By Sean Penn
With due respect to the U.S. Department of State and Secretary Clinton, [what follows is] in regards to economic sanctions leveled under the Comprehensive Iran Sanctions, Accountability and Divestment Act (CISADA) on Venezuela and six other foreign entities. Among the affected countries only Venezuela is a nation in abject poverty. Oil is its primary export and the exceptionally devastating impact upon its people should be of specific consideration. There has been a systemic barrage of misreporting and context-shifting within the U.S. media and espoused by many U.S. Representatives relative to Venezuela and its democratically elected President Hugo Chavez.
The American people have grown accustomed to the Venezuelan president being referred to as a dictator not only by media representatives, but by members of the leadership in both parties. This is defamation, not only to President Chavez, but also to the majority of Venezuelan people – poor people who have elected him president time and time again.
He is not a dictator supported by the wealthy classes, but rather, a president elected by the impoverished and at the service of the Venezuelan constitution, a document not unlike our own. He is a flamboyant, passionate leader. And while our own cultural and constitutional conditioning would lead us to have serious concerns about the powers of his office, there must be an informed adjustment to give our analyses a context that may extend beyond our borders.
The current environment of passive U.S. citizen response, provided by this lack of understanding and misleading information, is one where the essential oversights of public opinion are effectively defaulted upon, and in exchange, a predisposition to accept U.S. intervention in Venezuela exists. Furthermore, lobbyists of the fringe right exploit a void of direct diplomatic communication between the United States and Venezuela, and inflame a division affecting both countries with enormously shared interests.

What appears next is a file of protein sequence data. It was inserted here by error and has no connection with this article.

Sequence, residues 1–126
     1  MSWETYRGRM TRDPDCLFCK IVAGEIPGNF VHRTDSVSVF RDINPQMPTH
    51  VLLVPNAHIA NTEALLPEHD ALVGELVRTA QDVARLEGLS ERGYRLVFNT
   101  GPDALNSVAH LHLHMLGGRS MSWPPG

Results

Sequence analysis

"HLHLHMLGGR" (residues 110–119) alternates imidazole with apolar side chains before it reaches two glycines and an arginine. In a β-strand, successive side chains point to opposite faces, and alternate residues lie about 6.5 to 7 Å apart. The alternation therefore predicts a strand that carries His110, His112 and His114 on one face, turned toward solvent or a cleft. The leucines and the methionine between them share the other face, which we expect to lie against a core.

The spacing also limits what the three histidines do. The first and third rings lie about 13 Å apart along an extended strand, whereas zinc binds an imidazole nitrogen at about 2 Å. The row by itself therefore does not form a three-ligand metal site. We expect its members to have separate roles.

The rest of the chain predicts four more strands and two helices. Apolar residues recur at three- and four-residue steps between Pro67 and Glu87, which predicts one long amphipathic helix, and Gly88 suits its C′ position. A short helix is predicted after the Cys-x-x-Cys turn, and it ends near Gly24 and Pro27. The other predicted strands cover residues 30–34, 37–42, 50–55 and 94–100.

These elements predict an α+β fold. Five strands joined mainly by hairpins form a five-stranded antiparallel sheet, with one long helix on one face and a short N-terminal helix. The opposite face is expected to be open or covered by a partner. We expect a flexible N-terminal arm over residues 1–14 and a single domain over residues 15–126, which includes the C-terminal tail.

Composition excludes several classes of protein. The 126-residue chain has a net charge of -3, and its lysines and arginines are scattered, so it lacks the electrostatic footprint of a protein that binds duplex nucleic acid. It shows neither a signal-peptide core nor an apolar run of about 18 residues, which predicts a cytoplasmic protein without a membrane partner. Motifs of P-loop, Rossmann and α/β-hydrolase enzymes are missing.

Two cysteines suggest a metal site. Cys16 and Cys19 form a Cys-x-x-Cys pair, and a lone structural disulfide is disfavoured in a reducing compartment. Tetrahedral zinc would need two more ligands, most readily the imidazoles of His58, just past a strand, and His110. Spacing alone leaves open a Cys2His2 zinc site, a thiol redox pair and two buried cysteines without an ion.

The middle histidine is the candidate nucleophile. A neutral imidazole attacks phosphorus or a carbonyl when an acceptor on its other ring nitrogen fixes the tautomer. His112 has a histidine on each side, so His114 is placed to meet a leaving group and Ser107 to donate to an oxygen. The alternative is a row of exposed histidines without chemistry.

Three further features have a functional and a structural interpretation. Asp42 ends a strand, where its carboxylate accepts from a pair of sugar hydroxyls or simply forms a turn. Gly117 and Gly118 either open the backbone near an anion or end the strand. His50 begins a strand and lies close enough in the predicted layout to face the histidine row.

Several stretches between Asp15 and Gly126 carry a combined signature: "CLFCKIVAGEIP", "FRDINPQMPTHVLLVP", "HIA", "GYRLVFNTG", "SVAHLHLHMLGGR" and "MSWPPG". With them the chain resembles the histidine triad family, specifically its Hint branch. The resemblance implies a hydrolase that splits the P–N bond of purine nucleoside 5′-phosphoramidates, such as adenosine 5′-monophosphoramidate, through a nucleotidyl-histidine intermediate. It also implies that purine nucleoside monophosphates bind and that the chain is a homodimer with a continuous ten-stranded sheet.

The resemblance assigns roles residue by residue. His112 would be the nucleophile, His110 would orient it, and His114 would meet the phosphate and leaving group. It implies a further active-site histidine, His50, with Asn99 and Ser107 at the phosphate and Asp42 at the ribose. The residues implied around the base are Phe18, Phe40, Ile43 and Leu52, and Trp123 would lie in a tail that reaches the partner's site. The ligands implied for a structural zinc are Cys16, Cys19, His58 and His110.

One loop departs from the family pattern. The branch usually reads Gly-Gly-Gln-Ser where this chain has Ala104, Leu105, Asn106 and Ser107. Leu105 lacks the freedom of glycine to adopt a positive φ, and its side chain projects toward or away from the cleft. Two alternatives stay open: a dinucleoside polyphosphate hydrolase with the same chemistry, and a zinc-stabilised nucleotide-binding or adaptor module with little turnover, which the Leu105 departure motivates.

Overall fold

It is upon the U.S. government and the American people to carefully and publicly consider any economic intervention upon a foreign nation, in particular those plagued by poverty. The United States, and indeed all capitalist nations, engages in largely unrestricted trade with numerous countries, both secular and theocratic, traditionally associated with social and political oppression, and indeed contributors (suspected or acknowledged) to nuclear proliferation. While it is noted that Iran is such a nation, and that it is due to Venezuela's oil trade with Iran (actual or alleged) that they have been listed, it should also be noted that an entity in the state of Israel has also been named among the seven sanctioned.
The potential for CISADA’S overreach with the "energy" classification may be reminiscent of restrictions and prohibitions on exports in pre-war Iraq, specifically when non-weaponized materials such as x-ray machines – entirely inadaptable to weaponization – were characterized as "dual use" materials. The only significant result of that policy was to deprive sick Iraqi civilians of basic care.
That it is assumed in the State Dept.’s announcement that Venezuela’s action – supplying its single lifeline export to a country suspected of developing instruments of proliferation – is worthy of CISADA action risks precedent and abuse that must be scrutinized and balanced in its full context and view. While the State Department has reported its investigations into overall impacts on oil markets, no such comprehensive study has been offered in balance with the human impact on countries sanctioned.
Based on this, the American people should call for a moratorium on the CISADA sanctions of Venezuela until such time as a congressional hearing may be convened and strategic benefits evidenced in balance with the historic effects of similar sanctions in other developing and impoverished nations. With the recent actions of mediation taken by Venezuela, in collaboration with Colombia, for the reintegration of Honduras into the OAS, President Chavez has demonstrated a will toward diplomatic harmony, and the sanctions themselves should serve to initiate high level interaction that has for too long suffered the prejudice of profile and anti-Venezuelan political lobbying.
Sean Penn is an American actor, screenwriter and film director, also known for his political and social activism. He is a two-time Academy Award winner.
From The Huffington Post